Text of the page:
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The modern take on flat wire spring technology

The modern take on flat wire spring technology Edge wound wave springs offer an alternative to the conventional wave washer where performance and space are key requirements.

Simple 'wave' or 'spring' washers, as they are commonly known, are traditionally manufactured by die-stamping from annealed sheet metal and then hardened by an austempering process. They are formed using bespoke tooling in an irregular shape so that, when loaded, they act like a spring, deflecting and providing a pre-load between two surfaces. This characteristic can be used to pre-load shafts or bearings, absorb shock, or compensate for dimensional variations.

This type of wave washer has been used worldwide for almost a century and will continue to be in demand where non-critical control of load and space restriction is not an issue. However modern enhanced quality standards and the onward march towards a more compact and lighter end-product mean that today's designers are demanding ever increasing levels of load control and tighter space envelopes in which the springs must operate. Traditional die-stamped methods of manufacture cannot reliably offer these features. However, TFC's Smalley edge wound wave springs can provide the solution.

Manufactured from flattened round wire and edge coiled to exact specifications, Smalley single turn wave springs are made with either a gap or overlap end configuration. These two types of design permit radial expansion or growth in diameter within a cavity, without the binding or hang-up normally associated with die stamped wave washers. Just as their terms imply, the gap type is split to retain a gap between the ends, while the overlap type has overlapping ends. Thus, the ends are free to move circumferentially as the spring outside diameter grows during compression. Also, since they are cold-rolled and, unlike a die-stamped product that requires heat treatment after manufacture, a greater control of spring force is achieved.

Another significant advantage offered by the edge-coiling process is that there is no costly tooling involved therefore, bespoke designs can be produced, as quickly as a standard product, in economic prototype batches with a diameter range from 5mm to over 2000mm. If necessary, the spring design can be altered, with minimal cost, to provide the exact specification without the need for any compromise on the part of the customer.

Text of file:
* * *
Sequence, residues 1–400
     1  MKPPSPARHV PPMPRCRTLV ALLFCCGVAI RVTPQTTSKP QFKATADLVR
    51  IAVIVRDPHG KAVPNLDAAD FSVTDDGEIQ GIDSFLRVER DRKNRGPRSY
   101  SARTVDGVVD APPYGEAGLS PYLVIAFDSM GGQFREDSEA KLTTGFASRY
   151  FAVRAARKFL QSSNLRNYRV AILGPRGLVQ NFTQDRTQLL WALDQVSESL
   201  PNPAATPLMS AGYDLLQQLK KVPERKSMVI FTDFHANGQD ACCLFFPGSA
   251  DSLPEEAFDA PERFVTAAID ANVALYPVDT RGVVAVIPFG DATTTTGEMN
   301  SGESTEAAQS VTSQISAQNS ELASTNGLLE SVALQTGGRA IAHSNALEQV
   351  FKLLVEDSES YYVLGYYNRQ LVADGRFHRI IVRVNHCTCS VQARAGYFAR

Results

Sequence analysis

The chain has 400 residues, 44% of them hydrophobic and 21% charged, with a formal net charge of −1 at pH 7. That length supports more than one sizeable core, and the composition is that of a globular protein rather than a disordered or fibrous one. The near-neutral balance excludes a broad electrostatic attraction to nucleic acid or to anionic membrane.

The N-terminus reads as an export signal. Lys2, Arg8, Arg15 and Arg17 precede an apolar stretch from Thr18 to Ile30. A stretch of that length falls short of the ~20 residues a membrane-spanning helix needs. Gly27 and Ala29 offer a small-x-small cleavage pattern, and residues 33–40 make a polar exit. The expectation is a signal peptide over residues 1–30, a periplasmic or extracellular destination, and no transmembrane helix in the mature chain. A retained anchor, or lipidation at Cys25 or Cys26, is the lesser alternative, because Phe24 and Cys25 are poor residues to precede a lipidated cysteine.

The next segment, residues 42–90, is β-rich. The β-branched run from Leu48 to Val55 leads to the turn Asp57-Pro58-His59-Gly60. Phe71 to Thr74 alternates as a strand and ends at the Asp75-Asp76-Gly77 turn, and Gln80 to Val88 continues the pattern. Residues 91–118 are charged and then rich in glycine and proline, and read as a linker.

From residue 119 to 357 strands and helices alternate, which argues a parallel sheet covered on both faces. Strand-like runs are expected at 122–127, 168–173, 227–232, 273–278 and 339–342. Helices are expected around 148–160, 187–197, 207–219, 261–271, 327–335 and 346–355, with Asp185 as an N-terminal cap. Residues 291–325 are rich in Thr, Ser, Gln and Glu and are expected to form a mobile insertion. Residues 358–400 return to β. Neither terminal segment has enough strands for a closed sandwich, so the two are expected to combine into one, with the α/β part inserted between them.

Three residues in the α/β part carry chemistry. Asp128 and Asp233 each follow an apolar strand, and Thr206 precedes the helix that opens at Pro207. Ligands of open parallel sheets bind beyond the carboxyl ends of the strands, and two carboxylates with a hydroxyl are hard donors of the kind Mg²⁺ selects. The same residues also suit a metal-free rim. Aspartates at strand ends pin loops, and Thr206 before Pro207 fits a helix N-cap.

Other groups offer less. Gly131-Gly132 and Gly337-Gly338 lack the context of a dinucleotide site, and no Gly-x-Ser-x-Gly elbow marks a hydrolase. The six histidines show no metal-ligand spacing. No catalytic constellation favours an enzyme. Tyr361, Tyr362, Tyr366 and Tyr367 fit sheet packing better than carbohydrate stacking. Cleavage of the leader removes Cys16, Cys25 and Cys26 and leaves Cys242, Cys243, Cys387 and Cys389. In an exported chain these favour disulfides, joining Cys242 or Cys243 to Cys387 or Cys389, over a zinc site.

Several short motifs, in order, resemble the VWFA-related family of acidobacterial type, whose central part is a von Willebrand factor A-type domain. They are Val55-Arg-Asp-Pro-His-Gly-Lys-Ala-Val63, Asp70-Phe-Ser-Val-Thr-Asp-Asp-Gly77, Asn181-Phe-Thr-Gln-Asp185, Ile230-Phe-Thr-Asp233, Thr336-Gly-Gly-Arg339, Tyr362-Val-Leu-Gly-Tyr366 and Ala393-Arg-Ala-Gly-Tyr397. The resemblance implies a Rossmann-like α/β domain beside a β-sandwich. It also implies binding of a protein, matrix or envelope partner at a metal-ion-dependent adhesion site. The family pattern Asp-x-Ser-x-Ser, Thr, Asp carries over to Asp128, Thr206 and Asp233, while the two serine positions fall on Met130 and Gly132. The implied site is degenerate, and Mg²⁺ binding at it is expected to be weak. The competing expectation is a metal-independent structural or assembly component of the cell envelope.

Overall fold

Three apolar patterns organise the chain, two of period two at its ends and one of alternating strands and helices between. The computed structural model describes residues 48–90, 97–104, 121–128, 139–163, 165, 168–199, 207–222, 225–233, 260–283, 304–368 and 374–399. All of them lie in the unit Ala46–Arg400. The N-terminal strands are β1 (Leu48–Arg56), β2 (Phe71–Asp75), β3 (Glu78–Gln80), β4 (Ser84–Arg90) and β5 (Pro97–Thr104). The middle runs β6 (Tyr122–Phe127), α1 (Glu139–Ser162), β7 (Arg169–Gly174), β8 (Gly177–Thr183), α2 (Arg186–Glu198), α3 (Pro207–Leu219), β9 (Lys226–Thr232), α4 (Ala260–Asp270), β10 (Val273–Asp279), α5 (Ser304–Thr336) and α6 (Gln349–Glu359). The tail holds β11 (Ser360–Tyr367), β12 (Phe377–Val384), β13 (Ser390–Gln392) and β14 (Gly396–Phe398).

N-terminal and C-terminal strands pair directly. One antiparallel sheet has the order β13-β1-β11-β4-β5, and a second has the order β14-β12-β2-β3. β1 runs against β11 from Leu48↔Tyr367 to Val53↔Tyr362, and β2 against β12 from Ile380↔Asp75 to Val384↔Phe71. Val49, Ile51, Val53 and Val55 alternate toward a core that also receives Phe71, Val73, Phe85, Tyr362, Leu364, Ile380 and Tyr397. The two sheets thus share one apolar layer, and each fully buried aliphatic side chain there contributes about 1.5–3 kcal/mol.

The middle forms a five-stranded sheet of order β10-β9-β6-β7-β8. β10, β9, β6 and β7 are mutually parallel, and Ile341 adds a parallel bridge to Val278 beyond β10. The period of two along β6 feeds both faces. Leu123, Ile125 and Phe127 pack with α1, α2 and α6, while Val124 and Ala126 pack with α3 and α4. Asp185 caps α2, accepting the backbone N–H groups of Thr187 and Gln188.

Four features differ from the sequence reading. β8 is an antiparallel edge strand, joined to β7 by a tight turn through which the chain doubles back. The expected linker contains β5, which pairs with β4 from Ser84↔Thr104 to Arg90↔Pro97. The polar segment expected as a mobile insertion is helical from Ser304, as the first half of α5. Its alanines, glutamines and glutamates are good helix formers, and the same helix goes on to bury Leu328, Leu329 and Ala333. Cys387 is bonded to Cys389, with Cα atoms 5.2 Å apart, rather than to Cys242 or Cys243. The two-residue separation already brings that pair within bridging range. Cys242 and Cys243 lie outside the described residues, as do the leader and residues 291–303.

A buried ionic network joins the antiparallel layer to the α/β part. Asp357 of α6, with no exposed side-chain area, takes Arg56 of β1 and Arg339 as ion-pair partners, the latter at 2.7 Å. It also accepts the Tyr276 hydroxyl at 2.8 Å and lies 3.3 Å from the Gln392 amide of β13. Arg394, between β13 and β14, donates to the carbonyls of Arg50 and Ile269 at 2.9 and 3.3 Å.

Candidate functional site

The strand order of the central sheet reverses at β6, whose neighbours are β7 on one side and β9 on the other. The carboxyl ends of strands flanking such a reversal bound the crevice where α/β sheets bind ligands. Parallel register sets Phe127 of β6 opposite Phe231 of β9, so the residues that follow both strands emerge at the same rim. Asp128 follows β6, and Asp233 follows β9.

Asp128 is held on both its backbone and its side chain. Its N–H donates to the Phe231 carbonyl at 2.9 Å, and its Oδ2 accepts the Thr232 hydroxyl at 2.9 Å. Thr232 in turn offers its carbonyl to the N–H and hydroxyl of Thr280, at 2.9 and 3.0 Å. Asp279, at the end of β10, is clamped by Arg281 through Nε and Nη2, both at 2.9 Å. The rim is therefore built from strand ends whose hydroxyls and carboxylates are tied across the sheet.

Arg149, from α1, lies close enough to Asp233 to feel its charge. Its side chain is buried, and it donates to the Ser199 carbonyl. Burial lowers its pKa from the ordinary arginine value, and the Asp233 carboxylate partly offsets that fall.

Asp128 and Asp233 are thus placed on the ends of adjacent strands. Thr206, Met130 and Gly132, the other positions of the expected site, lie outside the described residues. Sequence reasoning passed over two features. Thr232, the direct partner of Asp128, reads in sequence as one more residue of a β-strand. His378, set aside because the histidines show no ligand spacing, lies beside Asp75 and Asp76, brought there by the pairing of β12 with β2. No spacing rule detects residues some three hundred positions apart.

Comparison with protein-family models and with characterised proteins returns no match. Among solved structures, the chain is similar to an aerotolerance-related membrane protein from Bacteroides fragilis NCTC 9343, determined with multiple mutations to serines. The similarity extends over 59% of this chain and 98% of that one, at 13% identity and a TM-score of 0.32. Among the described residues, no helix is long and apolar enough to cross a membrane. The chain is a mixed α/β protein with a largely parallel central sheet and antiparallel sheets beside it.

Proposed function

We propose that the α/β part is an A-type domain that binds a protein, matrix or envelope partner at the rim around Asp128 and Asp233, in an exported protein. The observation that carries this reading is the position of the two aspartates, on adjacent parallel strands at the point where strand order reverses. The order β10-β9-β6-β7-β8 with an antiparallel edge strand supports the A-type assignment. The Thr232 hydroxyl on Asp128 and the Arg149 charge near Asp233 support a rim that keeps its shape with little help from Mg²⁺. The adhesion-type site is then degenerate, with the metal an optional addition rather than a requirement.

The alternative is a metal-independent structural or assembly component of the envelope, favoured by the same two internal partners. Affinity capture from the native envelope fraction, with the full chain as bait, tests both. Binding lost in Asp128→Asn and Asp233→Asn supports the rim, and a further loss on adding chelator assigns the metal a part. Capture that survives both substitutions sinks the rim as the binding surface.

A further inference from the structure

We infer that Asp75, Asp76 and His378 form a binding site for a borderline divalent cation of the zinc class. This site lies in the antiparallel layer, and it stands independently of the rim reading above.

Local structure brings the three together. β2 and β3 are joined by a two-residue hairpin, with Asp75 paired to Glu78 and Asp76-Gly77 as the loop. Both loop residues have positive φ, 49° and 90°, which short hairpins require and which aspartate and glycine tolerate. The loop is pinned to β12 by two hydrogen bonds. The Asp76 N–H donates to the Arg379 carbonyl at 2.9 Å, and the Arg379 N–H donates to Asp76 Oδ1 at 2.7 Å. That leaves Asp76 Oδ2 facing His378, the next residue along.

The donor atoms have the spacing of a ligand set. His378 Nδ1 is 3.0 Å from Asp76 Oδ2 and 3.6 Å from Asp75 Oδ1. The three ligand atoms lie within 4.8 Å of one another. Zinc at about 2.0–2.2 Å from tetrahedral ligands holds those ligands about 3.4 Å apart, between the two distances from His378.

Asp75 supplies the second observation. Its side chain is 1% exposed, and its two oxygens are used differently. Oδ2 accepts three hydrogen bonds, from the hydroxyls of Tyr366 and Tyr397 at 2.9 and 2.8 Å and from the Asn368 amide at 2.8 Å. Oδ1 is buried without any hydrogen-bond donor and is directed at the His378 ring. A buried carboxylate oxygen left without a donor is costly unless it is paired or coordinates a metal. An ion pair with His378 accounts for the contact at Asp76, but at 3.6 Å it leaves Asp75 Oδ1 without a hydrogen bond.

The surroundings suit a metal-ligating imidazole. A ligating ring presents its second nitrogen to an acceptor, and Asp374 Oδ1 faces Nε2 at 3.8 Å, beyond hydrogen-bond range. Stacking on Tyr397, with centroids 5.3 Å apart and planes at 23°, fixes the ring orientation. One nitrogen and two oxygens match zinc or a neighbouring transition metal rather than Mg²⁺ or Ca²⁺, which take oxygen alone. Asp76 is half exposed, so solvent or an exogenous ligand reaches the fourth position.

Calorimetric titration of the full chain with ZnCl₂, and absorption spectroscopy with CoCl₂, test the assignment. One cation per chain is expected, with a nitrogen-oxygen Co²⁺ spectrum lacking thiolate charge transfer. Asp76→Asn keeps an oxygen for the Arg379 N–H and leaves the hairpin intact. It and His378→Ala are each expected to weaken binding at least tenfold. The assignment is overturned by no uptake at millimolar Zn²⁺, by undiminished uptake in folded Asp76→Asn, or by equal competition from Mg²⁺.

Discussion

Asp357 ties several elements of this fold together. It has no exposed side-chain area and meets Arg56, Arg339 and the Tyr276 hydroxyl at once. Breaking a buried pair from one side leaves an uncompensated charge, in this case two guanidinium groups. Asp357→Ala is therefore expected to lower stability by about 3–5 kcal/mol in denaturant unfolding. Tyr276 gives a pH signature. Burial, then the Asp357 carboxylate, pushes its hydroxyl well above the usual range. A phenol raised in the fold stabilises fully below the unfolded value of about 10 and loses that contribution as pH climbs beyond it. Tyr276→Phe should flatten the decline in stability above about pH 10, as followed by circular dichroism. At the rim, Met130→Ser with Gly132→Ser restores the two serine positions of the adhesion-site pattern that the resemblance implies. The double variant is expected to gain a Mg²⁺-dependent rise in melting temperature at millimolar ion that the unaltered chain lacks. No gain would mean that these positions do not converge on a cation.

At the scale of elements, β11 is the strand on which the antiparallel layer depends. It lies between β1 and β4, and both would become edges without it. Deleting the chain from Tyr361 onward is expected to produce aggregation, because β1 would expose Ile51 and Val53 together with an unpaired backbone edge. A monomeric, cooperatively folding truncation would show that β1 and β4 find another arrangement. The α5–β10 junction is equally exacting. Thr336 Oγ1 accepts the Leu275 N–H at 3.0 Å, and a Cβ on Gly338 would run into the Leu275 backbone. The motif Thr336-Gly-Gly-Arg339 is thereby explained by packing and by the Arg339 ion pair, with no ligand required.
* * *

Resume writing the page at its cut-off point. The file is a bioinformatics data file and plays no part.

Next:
Utilising the same edge-winding technique enables several innovative spring types to be available. Crest-to-Crest wave springs essentially pre-stack the springs in series. This decreases the spring rate proportionally to the number of turns. Uses are typically applications requiring low-medium spring rates and large deflections with low-medium forces.

Traditionally, when a low working height compression spring like this was required, it was necessary to physically assemble a series of single die stamped wave washers by welding or riveting at the wave peaks or by inserting a shim between individual springs to form a stack. Since Smalley Crest-to-Crest wave springs are manufactured with a single filament of wire, the spring is integrally formed and the wave peaks hold their configuration without the need for such costly and unreliable processes.

As a replacement for helical compression springs, Crest-to-Crest springs can develop similar forces, yet occupy one-half or less the axial space. This allows for strict space constraints. Crest-to-Crest wave springs will maintain the same force and load specifications of a conventional round wire spring, but with the advantages of lower operating heights, free heights and solid heights.

Crest-to-Crest wave springs are also available with squared-shim ends. Shim ends provide a 360° contact surface when compared to the wave point contact of plain ends. The shim-ends under load more evenly distribute the spring's force upon adjacent components. Shim ends have also been used to affix springs to mating components, as a flat locating surface that may be attached by various methods in the assembly.

An interlaced Crest-to-Crest wave spring is formed from two or three constituent wave springs of similar thickness, amplitude and frequency. The constituent wave springs are wound together to interlace them so that the turns of each spring align each other for the entire length of the interlaced spring. This interlacing effectively increases the thickness of each turn to provide increased loading whilst maintaining similar deflection.

Nested wave springs are pre-stacked in parallel from one continuous filament of flat wire. The need to stack individual springs for higher loads is no longer necessary. Nested springs result in a spring rate that increases proportionately to the number of turns. They can exert tremendous forces yet maintain the precision of a circular-grain wave spring. In many applications, nested wave springs replace belleville springs, particularly in cases where space is tight and accurate force is needed.
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